This is what Robert J. Fogelin (in his very useful and insightful book Wittgenstein) calls Wittgenstein’s selective application of a sceptical paradox. The same argumentative set-ups are at different moments in Wittgenstein’s text used to support very different conclusions: at times, the apparent possibility of sovereign control over interpretations, and the subsequent possibility of infinite interpretation of interpretation, etc., is taken to lead us to rules implicit in practice; at other times the apparent possibility of sovereign control over meaning-units is taken as a reductio ad absurdum of the idea that a rule can be followed in this context at all. These are very different arguments and conclusions, and Wittgenstein does not – to my mind at least – fully justify his differential application of each.

That said, it’s clear what’s driving Wittgenstein’s differential applications of his sceptical critiques: he has a particular set of impulses as to how linguistic practice in fact functions, and for many – myself included – those impulses seem plausible. Furthermore, Wittgenstein can, I think, be taken to have justified the move to sociality in the expanded sense of that term that I’ve argued Brandom ultimately intends – whereby the multiple subject-positions in potential communication with one another can be different aspects or moments of the same empirical self, rather than discrete organisms. Thus while I agree with Fogelin that Wittgenstein’s private language argument doesn’t seem to justify the use he makes of it, it does, I think, justify the claim that multiple different accessible subject-positions, with potentially different assessments of the conceptual or normative commitments associated with a symbolic action, are required for the meaningfulness of a symbolic action to any one subject-position – in this sense of ‘public’, language must indeed be public. I think.

Nevertheless, there’s a reason why these sets of issues are more closely bound together or less pristinely distinguished in Wittgenstein’s work than in Brandom’s, and this has to do with different fundamental orientations to philosophy as a task of thought. For Brandom, philosophy is largely an explanatory endeavour – an exploratory one also, to be sure, which leaves room for multiple different approaches to the same basic subject-matter, in the conviction that access to divergent intellectual frameworks is as essential a part of knowledge as it is of wisdom, but nevertheless an endeavour oriented to explaining the origins and functioning of the phenomena under examination. For Wittgenstein, by contrast, and famously, philosophy has nothing to do with explanation. Here is the Investigations‘ paragraph 109:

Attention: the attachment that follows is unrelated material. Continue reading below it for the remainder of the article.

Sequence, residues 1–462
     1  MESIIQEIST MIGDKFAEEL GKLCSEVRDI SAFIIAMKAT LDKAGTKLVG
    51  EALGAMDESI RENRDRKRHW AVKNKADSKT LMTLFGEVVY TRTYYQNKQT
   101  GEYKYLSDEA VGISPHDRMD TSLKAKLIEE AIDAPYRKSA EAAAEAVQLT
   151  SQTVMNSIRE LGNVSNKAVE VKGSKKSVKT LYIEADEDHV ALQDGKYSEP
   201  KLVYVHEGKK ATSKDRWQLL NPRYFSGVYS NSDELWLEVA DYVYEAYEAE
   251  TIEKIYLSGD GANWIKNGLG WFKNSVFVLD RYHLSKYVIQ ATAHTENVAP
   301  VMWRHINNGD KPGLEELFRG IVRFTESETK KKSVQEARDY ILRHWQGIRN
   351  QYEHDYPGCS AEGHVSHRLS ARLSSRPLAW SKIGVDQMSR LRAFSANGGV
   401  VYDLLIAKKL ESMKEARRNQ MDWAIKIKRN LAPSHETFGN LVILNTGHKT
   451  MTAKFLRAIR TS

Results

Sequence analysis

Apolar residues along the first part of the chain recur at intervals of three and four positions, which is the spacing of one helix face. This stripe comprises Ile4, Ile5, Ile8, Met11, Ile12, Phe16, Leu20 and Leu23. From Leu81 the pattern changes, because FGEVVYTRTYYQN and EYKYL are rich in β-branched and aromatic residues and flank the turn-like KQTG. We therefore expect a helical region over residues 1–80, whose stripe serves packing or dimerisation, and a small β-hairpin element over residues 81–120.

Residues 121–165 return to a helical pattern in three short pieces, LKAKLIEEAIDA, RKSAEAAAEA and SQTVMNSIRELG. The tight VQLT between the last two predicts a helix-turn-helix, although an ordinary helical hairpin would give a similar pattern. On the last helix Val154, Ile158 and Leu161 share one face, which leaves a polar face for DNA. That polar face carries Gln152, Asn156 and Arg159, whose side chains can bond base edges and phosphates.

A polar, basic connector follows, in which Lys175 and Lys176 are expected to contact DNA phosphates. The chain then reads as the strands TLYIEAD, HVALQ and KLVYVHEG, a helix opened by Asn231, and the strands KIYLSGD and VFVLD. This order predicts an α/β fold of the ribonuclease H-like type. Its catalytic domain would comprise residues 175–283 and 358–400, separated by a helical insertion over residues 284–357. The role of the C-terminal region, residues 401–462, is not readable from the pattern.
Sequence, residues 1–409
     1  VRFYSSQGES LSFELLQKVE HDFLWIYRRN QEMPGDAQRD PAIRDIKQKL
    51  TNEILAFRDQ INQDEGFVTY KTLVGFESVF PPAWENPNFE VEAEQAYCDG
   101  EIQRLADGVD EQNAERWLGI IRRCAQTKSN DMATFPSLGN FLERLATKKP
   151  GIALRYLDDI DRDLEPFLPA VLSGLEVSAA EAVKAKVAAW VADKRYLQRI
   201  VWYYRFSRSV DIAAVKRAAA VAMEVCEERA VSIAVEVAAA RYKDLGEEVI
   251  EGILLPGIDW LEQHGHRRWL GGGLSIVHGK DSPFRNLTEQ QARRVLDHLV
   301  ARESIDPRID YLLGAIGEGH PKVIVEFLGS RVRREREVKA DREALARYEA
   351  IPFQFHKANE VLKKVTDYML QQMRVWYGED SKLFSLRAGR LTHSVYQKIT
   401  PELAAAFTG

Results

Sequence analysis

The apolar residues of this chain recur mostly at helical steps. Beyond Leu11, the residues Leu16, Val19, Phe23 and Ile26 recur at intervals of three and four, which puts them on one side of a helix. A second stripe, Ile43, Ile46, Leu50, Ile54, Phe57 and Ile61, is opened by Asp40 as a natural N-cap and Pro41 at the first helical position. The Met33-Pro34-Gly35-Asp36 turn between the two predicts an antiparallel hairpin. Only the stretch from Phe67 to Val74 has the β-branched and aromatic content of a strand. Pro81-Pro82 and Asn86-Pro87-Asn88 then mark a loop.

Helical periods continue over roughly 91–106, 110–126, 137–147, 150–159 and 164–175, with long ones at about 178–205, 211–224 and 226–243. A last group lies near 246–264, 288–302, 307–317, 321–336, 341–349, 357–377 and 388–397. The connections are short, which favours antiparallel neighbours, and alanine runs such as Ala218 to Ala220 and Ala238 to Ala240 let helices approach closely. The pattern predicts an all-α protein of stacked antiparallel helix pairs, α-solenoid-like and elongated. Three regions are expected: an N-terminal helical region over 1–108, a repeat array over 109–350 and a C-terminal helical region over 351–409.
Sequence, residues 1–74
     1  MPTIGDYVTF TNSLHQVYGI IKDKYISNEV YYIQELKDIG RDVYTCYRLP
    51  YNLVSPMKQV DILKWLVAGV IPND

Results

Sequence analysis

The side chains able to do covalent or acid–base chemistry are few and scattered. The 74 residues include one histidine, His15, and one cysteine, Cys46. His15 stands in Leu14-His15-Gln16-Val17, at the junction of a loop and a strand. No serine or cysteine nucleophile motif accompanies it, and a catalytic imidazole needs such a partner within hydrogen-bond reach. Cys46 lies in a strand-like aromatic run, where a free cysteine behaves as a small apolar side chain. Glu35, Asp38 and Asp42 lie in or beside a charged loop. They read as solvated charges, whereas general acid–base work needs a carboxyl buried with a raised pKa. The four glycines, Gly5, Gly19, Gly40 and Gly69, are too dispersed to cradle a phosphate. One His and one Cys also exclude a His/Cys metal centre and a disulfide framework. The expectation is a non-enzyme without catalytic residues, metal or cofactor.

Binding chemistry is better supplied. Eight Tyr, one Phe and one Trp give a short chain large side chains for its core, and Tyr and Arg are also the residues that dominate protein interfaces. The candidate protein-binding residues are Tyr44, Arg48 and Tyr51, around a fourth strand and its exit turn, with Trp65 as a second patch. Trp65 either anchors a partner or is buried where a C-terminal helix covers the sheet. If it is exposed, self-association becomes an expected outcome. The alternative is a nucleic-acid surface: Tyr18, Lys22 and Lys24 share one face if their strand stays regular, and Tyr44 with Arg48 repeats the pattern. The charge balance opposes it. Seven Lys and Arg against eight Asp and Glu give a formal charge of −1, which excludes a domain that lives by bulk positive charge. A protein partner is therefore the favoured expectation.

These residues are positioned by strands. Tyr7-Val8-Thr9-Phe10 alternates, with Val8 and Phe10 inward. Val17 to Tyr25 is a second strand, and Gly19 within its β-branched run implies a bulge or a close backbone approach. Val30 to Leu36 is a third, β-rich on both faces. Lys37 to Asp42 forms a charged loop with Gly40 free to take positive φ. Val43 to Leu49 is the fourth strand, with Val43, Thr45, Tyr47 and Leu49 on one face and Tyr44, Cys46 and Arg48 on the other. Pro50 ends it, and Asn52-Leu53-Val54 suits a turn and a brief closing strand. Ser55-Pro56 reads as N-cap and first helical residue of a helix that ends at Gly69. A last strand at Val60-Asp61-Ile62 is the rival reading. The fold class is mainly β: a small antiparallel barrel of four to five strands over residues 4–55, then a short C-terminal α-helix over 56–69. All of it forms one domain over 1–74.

It was true to say that our considerations could not be scientific ones. It was not of any possible interest to us to find out empirically ‘that, contrary to our preconceived ideas, it is possible to thing such-and-such’ – whatever that may mean. (The conception of thought as a gaseous medium.) And we may not advance any kind of theory. There must not be anything hypothetical in our considerations. We must do away with all explanation, and description alone must take its place. And this description gets its light, that is to say its purpose, from the philosophical problems. These are, of course, not empirical problems; they are solved, rather, by looking into the workings of our language, and that in such a way as to make us recognise those workings: in despite of an urge to misunderstand them. The problems are solved, not by giving new information, but by arranging what we have always known. Philosophy is a battle against the bewitchment of our intelligence by means of language.

I can’t begin to discuss the complexity of commitments involved in this passage in any kind of adequate way here. I want, however, to make some remarks more directly relevant to the broader argument about Brandom of which this post is a part…

One Response to “Two Wittgensteinian Arguments”

  1. […] I have already criticised (in my post from the other day, Two Wittgensteinian Arguments) Wittgenstein’s own application of this ‘sceptical paradox’ in his private language argument: […]